Hamas vs. Fatah: More Than Meets the Eye

An Introduction to the very important Palestine section
of this issue of Socialist Viewpoint.

In this issue of Socialist Viewpoint, we print a cross section of articles on the June events in that tiny piece of Palestine, Gaza. There, on the days of June 14-15, militants under the command of Hamas, meeting very little resistance, stormed and quickly controlled all the facilities of the armed bodies of the Palestinian Authority (PA): the offices of the police, the jails, the headquarters, stations, armories, and so forth.

For the past 18 months, the media has informed the public that Hamas had won a free and open election and consequently was the majority party in the government. But now we were seeing a paramilitary wing of the majority engaged in a shooting war with a section of its own government. On the face of it, it didn’t make any sense.

But it made sense for Gaza this June and soon enough it may make sense in the West Bank.

The Palestinian Authority is a governing organization established by the Oslo Agreement of 1993 between the Palestinian Liberation Organization (PLO) and the Israeli government. In 2002, Yasser Arafat, as head of both the PLO and the PA, with considerable prodding from the U.S., signed the Basic Law, making it its provisional constitution and the PA a multi party parliamentary institution.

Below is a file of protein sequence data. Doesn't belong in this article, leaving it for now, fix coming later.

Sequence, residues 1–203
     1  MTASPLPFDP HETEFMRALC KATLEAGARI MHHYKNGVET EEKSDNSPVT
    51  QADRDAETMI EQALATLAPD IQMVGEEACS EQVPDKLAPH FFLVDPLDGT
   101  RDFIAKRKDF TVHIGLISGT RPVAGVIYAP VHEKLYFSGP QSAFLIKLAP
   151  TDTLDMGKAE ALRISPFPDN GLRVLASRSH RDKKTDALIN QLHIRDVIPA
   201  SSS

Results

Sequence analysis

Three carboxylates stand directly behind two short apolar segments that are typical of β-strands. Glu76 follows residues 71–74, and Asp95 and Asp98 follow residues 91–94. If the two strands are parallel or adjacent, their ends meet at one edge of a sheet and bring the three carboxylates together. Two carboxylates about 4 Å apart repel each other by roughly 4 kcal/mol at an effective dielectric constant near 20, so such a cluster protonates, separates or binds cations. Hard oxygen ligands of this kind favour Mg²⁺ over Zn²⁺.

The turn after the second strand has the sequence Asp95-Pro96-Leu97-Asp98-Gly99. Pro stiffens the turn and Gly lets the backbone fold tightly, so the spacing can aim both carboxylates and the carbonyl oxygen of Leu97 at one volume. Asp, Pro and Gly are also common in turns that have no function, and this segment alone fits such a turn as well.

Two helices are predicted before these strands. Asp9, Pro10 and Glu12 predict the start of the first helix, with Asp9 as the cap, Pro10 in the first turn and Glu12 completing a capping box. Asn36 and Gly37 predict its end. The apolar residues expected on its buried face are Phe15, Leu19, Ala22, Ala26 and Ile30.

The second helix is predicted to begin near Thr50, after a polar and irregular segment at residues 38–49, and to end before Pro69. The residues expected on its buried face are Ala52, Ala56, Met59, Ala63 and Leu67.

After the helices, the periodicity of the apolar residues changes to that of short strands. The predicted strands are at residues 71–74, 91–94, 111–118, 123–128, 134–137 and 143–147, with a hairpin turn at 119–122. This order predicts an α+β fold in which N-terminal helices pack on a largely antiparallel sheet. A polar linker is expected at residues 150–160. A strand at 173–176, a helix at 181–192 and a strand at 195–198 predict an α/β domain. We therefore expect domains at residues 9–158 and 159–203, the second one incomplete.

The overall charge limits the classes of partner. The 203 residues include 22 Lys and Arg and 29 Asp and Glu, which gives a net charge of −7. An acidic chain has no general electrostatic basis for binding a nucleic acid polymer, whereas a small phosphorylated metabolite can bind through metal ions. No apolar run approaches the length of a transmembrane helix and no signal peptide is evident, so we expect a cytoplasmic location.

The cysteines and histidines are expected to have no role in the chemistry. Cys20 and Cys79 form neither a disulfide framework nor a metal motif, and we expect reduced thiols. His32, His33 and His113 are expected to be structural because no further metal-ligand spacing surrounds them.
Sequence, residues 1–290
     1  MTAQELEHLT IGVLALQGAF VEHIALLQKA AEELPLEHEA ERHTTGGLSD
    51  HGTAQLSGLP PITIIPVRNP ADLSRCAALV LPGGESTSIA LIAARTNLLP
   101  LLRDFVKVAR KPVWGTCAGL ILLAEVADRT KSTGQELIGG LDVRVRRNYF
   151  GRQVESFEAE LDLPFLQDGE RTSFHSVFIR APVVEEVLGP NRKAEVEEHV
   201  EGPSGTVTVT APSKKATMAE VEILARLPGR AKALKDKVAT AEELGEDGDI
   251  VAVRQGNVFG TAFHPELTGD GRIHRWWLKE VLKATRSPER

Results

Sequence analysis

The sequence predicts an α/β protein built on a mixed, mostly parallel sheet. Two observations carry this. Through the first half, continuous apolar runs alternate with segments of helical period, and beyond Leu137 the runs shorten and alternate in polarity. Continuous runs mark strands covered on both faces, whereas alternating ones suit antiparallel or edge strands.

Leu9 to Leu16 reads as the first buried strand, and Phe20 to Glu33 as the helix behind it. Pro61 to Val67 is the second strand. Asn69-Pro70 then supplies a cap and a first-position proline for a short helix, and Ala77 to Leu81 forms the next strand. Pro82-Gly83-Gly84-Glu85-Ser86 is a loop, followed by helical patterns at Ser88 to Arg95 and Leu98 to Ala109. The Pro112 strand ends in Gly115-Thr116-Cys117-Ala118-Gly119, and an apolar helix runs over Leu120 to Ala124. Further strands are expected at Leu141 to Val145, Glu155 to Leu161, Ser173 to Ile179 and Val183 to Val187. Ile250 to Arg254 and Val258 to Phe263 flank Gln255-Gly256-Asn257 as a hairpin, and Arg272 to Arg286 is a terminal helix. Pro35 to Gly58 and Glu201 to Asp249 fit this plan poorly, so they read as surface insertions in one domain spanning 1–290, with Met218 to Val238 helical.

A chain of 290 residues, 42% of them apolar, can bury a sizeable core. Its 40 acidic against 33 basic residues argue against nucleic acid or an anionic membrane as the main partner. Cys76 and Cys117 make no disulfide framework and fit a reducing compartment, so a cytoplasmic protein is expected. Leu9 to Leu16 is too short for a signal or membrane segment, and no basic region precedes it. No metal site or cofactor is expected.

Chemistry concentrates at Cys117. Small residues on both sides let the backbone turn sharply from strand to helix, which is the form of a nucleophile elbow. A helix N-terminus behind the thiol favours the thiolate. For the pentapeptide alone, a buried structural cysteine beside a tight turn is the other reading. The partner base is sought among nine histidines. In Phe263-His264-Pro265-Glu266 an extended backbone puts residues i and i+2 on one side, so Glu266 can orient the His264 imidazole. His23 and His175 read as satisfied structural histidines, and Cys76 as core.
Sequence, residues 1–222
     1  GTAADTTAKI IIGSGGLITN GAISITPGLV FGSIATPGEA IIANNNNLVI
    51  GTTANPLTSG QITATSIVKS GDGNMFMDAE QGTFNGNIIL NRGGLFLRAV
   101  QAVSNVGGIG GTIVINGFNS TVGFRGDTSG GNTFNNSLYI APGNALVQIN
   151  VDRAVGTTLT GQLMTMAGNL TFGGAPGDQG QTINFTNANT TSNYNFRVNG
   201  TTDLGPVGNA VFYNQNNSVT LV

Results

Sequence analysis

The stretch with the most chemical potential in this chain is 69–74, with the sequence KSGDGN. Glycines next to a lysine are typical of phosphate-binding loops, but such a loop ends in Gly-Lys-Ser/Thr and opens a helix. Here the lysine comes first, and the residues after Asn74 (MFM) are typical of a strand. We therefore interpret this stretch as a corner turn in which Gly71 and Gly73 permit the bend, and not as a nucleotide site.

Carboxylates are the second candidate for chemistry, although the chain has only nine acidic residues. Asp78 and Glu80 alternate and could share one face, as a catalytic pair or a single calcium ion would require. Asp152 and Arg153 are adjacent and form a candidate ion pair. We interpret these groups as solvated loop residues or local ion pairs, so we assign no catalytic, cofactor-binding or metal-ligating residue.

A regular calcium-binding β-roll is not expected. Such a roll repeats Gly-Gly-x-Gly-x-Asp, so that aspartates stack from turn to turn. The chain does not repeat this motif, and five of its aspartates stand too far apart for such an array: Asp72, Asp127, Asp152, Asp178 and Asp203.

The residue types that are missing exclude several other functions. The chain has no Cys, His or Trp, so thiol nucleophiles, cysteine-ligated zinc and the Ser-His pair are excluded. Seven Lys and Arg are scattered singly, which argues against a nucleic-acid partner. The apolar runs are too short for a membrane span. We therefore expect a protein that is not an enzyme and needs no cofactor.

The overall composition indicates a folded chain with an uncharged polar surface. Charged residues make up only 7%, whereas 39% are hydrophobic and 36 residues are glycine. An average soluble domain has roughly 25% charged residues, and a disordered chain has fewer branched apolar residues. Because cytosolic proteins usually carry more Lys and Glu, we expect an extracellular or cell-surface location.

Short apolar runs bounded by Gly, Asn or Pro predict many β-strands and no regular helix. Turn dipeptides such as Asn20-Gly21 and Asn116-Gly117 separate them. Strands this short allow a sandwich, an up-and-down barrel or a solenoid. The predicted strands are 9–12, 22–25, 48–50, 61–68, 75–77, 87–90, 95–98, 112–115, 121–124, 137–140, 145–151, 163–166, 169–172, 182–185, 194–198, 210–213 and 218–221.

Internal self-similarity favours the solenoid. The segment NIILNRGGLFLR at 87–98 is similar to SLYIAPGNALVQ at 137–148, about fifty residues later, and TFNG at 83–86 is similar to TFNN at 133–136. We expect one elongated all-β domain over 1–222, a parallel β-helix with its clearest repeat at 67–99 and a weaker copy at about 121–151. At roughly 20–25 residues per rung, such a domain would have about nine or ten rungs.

The current dispute between Hamas and the Abbas gang can be seen in one section of the Basic Law: Article (69), “The Jurisdictions of the Council of Ministers.” Article 69 says, “ The Council of Ministers shall [have] the responsibility to maintain public order and internal security.” It must be pointed out that the Prime Minister Ismail Haniyeh is the head of the Council of Ministers; they are his men; he has presented them to the Legislative Council for its approval and received it. Prime Minister Haniyeh is therefore responsible for public order and public security. This is what the Basic Law requires.

But, Abbas and his gang of policemen and intelligence units have refused, point blank, to turn over their facilities and the men under their command to the elected government’s Council of Ministers. This act of defiance has left Palestine with no effective police force, and no means to see that the laws are obeyed.

In this manner, the Old Guard has attempted to neuter the legal, elected government. And they would have succeeded were it not for the disciplined paramilitary force under the command of the leaders of Hamas.

(For further information see the Journal of Palestinian Studies, “A New ‘Hamas’ Through Its New Documents,” by Khaled Hroub, Summer 2006. The Journal also published an excellent analysis of the elections showing carefully who voted for whom: “Hamas’s Rise as Charted in the Polls: 1994-2005” by Jamid Hilal, Spring 2006).


—The Editors